Jane Mieko Malama, beloved and devoted wife of the late Joseph Malama, passed away at home peacefully in the early morning hours of Sunday, November 1, 2020. She was the much-loved mother of daughter Sandy (Chad) Bara and son Lance Malama.
Mom was a homemaker by choice, deciding to channel her time and energy into tending to the many needs of a growing family. She did countless things for us and gave everything of herself to make our lives easier and give us a good life. Her caregiving took on a new dimension in later years when Dad was diagnosed with Alzheimer’s disease. Taking on this demanding role demonstrated her compassion, empathy, patience, devotion and mental fortitude as she did this for 14 years.
Although Mom appeared to be a quiet, serious and unassuming introvert, those who spent time with her experienced her witty and somewhat droll sense of humor first hand. She was a life-long reader who still subscribed to the Star Advertiser which she read every morning during breakfast. Even when she could no longer read aloud or understand the articles, she seemed to find comfort just in the act of paging through a newspaper or magazine and looking at the pictures and printed words.
She led a very modest life and found pleasure in simple things like listening to her tape cassettes on her Walkman and reading paperback mystery novels. Her diverse taste in music ranged from popular music of the 40’s through the 70’s, Broadway show tunes, classical, and Spanish language. Mom enjoyed listening to talk-radio and watching the news and was not afraid to voice her opinions on a variety of topics. She regularly watched several detective programs on her favorite KIKU station.
She loved Audrey Hepburn, Gordon Lightfoot, and feeding birds. Neapolitan ice cream sandwiches, potato chips, fried foods of all kinds, were her favorites. This is surprising, considering that she hovered around 80 pounds for most of her life. She made the BEST stove-top rice and spaghetti with meatballs. She was, in fact, a very capable cook, having made delicious home-cooked meals for her family, daily. True to her humble nature, though, she dismissed this compliment with the wave of her hand, as she would when any of her positive attributes were recognized.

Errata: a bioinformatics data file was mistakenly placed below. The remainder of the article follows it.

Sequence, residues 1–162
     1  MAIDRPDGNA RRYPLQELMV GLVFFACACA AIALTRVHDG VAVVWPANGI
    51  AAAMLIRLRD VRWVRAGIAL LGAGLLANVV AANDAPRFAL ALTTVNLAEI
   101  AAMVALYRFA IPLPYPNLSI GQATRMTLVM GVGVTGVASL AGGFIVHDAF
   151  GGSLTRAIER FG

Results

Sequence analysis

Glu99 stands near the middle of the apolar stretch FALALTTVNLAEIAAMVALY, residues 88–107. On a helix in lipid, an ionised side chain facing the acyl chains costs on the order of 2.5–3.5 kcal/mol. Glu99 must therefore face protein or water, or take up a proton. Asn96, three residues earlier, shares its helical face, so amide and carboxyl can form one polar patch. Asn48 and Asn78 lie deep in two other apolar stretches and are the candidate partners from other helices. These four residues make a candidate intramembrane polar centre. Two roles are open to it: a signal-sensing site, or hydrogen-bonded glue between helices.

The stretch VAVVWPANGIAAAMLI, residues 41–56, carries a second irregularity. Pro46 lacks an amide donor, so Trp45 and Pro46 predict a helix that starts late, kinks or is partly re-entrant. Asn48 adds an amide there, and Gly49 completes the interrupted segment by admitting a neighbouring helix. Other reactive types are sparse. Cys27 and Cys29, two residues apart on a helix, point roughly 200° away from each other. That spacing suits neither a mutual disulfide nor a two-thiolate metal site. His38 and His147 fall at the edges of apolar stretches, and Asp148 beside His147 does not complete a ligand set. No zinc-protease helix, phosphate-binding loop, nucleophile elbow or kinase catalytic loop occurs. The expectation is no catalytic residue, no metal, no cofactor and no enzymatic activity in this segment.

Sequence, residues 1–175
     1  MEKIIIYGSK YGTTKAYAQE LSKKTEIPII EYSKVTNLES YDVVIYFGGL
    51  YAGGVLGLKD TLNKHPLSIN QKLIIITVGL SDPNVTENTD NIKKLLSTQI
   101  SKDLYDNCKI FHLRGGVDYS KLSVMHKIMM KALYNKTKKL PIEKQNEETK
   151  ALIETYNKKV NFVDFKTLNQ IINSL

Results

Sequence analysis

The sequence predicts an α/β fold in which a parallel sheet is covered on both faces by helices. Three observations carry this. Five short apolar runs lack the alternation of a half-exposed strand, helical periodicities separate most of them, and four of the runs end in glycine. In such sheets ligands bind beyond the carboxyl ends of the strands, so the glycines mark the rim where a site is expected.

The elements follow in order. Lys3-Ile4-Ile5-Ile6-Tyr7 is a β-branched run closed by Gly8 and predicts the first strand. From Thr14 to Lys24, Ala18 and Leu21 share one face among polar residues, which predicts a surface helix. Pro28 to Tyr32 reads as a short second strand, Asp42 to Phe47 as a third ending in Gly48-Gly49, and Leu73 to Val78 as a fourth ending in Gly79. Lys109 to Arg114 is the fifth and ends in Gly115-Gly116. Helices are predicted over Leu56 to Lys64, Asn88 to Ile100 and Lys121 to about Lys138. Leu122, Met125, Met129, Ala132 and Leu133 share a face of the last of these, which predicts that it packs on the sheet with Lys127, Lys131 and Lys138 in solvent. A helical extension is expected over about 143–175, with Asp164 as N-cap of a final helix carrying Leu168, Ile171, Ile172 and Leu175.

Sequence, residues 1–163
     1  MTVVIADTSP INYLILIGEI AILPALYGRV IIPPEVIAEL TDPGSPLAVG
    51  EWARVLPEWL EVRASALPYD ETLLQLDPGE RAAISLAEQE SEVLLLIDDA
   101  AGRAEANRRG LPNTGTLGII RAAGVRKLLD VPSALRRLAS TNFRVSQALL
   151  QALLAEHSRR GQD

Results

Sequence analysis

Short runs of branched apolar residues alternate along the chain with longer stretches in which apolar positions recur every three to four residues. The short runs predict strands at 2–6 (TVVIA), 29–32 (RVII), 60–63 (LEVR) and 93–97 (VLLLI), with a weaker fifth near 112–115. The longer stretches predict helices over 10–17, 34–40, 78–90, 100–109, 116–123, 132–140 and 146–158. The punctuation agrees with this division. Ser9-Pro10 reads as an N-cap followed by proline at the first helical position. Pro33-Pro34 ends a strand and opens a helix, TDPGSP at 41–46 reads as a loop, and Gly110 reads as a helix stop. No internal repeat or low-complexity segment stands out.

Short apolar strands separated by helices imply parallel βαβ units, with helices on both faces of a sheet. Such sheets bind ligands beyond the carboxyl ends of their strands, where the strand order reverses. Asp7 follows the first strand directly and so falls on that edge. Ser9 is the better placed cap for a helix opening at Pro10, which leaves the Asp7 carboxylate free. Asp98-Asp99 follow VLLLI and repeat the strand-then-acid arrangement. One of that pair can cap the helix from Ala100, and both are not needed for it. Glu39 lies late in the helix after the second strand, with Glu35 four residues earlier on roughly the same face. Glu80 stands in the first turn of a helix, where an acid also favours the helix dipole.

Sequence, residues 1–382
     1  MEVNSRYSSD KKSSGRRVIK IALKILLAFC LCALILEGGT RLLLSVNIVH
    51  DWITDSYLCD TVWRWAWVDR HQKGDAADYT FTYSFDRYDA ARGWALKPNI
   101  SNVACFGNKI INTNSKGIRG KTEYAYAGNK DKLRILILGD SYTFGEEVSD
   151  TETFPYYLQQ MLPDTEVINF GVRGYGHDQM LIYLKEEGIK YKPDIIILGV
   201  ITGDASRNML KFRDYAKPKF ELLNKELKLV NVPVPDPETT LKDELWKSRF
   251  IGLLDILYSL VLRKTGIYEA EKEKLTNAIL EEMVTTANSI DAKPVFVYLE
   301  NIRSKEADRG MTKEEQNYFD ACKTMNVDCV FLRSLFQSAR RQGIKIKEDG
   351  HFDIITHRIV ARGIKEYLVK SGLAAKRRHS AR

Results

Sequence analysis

While we knew that Mom had an appreciation of Vincent Van Gogh, it was only in the last year of her life that Mom’s own artistic gifts came to light, when her caregiver, Debra, gave Mom a brown color marker and a picture of various cartoon animals to copy. She took to drawing these very naturally, and for several months after, she produced many drawings of increasing complexity, which she seemed to draw with relative ease. This ability would have probably remained hidden her entire life, but we are glad that she was able to enjoy her new-found pastime if only for a short while.
Mom was a kind-hearted, soft-spoken and thoughtful person, who always did what she could to help others in need and also contributed to numerous charitable causes for decades.
From neighbors and medical staff, to the courtesy clerks at the Pali Safeway to the things that her classmates wrote to her in her high school yearbook, she was described as "sweet," a "sweet lady," and a "sweetheart." She was, indeed, a special person. We will remember her for all her endearing and quirky qualities, and we will miss her very much.
A special mahalo to Pohai Nani Services@Home and caregiver, Debra Uehara, for her compassionate care and for bringing Mom’s artistic talent to light. Thank you, also, to the Saint Francis Hospice team for their care and support during Mom’s final days.
A private service and interment was held at Nu’uanu Memorial Park and Mortuary. Messages of condolence are welcomed at at www.nmplimited.com/obituaries.
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Notice #: 0001307147-01